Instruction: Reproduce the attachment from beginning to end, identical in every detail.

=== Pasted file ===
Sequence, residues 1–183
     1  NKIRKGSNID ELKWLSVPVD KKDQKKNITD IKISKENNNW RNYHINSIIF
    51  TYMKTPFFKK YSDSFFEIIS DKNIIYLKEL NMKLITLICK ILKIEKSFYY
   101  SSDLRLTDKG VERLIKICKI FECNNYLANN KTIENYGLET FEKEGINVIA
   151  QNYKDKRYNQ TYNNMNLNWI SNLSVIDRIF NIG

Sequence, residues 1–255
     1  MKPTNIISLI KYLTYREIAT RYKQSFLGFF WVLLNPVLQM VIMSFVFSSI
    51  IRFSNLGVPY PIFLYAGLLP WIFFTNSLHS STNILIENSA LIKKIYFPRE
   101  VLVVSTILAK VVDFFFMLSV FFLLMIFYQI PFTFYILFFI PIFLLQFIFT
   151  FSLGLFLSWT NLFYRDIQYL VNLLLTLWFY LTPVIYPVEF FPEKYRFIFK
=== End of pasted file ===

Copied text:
Sequence, residues 1–183
     1  NKIRKGSNID ELKWLSVPVD KKDQKKNITD IKISKENNNW RNYHINSIIF
    51  TYMKTPFFKK YSDSFFEIIS DKNIIYLKEL NMKLITLICK ILKIEKSFYY
   101  SSDLRLTDKG VERLIKICKI FECNNYLANN KTIENYGLET FEKEGINVIA
   151  QNYKDKRYNQ TYNNMNLNWI SNLSVIDRIF NIG

Sequence, residues 1–255
     1  MKPTNIISLI KYLTYREIAT RYKQSFLGFF WVLLNPVLQM VIMSFVFSSI
    51  IRFSNLGVPY PIFLYAGLLP WIFFTNSLHS STNILIENSA LIKKIYFPRE
   101  VLVVSTILAK VVDFFFMLSV FFLLMIFYQI PFTFYILFFI PIFLLQFIFT
   151  FSLGLFLSWT NLFYRDIQYL VNLLLTLWFY LTPVIYPVEF FPEKYRFIFK